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We also stopped by the other Austin (Texas) vegan favorite, Arlo’s, equally as long of a wait. This was Pocky’s favorite stop. He had the cheeseburger, which he said was fantastic. Unfortunately for me, it had mushrooms (allergic) in it, so I had to pass. Next time I’m in Austin stopping at their curbside kitchen (food truck) is a must.

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For me, Doug Mcnish was a standout and I wanted one of everything but decided on just the buffalo wings. He has a popular restaurant in Toronto and I was a little sad we weren’t going to make it there, until I realized he was cooking at the festival. The wings were fantastic! He was also selling swag and cookbooks. We picked up his first book. For those looking for inventive, well-executed vegan food, try his place The Public Kitchen in Toronto.

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As I made my way to Thiru’s Gourmet, the next downpour of rain started. I grabbed a box with three different curried veg and tofu dishes but the rain was coming down so hard we couldn’t eat. Instead, we made our way over to Sweets from the Earth to pick up desserts to go. (We ended up eating them later in the evening. Their lavender cupcakes are heavenly and the whoopie pie reminded me of being a kid. Amazing flavors.)

The plan was to make a run for it to the parking garage but halfway there our box of food was collapsing from the rain so we stood under an over pass and and quickly shoveled it in…It was really good and really entertaining for those watching.

 

 

Vegan comfort food in Toronto, Canada

This post is overdue…but sometimes it is more important to be in the moment and enjoy life.

Toronto is one of my favorite spots to visit because it can go from busy and adventurous to relaxing in the span of about 10 minutes. There is a little something for everyone.

From restaurants to resorts, Ontario Canada offers options for people with a range of dietary needs. Honestly, it is far easier for me to find better quality food options outside of cosmopolitan areas in Canada than in the USA. But in once instance during this vacation, we planned ahead just in case.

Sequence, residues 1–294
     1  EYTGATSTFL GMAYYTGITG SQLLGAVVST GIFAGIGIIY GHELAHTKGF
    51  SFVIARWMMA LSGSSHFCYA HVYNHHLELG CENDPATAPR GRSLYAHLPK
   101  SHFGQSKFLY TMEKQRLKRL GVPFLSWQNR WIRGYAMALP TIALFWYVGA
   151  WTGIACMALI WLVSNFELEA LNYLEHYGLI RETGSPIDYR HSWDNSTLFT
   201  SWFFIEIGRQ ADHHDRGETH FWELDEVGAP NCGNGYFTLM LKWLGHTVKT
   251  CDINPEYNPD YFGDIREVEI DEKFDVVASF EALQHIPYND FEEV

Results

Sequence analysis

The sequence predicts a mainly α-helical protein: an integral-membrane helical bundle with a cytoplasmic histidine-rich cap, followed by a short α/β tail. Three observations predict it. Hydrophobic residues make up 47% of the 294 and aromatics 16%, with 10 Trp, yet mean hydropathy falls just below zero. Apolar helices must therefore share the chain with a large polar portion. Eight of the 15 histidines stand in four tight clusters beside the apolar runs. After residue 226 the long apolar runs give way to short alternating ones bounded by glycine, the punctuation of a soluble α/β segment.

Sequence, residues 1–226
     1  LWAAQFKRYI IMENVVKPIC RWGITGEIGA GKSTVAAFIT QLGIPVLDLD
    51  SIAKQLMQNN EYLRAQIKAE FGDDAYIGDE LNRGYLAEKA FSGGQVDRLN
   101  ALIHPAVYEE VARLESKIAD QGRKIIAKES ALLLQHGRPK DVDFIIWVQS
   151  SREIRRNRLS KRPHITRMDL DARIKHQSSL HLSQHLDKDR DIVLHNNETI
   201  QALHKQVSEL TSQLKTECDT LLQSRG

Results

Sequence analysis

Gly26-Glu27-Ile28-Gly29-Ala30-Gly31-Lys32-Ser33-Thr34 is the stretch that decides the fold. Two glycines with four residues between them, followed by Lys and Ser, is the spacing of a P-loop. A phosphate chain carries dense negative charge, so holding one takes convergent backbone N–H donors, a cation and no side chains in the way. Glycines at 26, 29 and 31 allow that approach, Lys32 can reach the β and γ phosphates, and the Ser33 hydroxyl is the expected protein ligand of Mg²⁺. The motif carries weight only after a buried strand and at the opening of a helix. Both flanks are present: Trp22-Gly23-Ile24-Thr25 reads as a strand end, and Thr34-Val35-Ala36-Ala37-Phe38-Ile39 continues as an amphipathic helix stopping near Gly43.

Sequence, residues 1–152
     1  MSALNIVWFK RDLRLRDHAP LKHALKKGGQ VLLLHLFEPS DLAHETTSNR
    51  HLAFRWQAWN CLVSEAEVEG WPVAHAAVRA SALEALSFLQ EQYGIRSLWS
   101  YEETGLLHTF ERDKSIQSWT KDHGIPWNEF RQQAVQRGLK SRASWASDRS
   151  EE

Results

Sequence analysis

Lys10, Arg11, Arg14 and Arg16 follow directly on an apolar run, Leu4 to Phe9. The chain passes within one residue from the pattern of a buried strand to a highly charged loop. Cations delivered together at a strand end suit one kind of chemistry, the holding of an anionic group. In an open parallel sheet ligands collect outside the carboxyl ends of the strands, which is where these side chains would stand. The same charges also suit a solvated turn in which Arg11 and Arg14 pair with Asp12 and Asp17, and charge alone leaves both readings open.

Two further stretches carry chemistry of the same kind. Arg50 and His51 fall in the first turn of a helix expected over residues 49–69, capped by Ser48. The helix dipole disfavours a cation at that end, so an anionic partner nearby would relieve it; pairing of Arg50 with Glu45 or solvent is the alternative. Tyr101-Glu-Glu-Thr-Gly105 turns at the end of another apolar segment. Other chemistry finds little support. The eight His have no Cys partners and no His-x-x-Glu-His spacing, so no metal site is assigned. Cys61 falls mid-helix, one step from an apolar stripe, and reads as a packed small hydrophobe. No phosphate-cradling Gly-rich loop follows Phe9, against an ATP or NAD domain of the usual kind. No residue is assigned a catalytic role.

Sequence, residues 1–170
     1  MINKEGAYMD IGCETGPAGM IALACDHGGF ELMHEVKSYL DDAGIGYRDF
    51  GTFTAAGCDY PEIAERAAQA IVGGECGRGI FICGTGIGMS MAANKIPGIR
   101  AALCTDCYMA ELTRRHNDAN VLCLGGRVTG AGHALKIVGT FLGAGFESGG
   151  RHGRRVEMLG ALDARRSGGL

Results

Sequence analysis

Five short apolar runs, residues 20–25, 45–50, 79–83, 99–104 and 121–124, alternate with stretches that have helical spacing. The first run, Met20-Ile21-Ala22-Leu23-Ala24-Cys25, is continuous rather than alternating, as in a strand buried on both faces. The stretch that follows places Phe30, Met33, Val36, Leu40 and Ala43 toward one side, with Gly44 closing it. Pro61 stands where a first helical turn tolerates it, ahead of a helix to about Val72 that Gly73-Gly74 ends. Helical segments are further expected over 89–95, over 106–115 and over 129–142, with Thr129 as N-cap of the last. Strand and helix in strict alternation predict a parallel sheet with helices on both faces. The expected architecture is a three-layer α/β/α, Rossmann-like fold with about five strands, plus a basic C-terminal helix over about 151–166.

A few years ago I visited Toronto and most of my restaurant hopping happened in the popular King Street and Kensington Market areas, but as with any bustling city restaurants come and go. Unfortunately a few favorites have gone, but during this visit, trying new things mostly led to positive results and exploration of a new charming neighborhood — Bloorcourt.

Let’s start with the food fail. We chose Sabai Sabai Thai on Church Street for its vegan menu. It’s a very popular place and we waited in line quite a while. Once seated, we ordered dishes and I requested that they take the mushrooms off a dish, because I am allergic. The server came back and explained that mushroom powder was in their spice mix for every dish. As an aside — it was super hot outside and we had been walking around for hours…(insert sigh and an eye roll). We got up and walked out, me with a pouty expression that quickly turned to laughter about the vegan who can’t eat a thing on the vegan menu…

So, we ended up at Golden Thai, also on Church Street, and they were able to make us lovely Thai food without any issues.

The next day we roamed around the once derelict Victorian industrial complex, now known as the Distillery, and we stopped in to shop at Soma chocolatemaker, Bergo Designs, Fluevog shoes and more. We took a chance and tried Mill St Brewery for lunch, as one can imagine pub food not always a good bet for vegans. However this place has a little something for everyone, including beer. Mmmn tater tots, pretzels with spicy mustard, Moroccan Falafel Salad, and a Southwest Veggie Burger. No, not all for me! They offer a wide variety of beer’s – Altbier and 100th Meridian, yes, please.

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Next we walked to St. Lawrence Market. Originally a wooden structure, this market dates to the early 1800s. A fire took out the original structure and the market was rebuilt using brick. This place is foodie heaven. For those who enjoy fish, meat, cheese etc. this is a great place to purchase food and there are a few super popular restaurant stalls as well. There are also venders selling bread, nut butters, oils, bulk foods, coffee, pastries, and fruits and veg. We decided to plan ahead for our trip to Niagara Falls, in case there weren’t vegan food options, and picked up fruit, olives and other fresh items that would survive a night in our hotel room and a trip to the falls. They actually do have food choices along the falls but I was happy to have a fresh snack on the drive back to Toronto.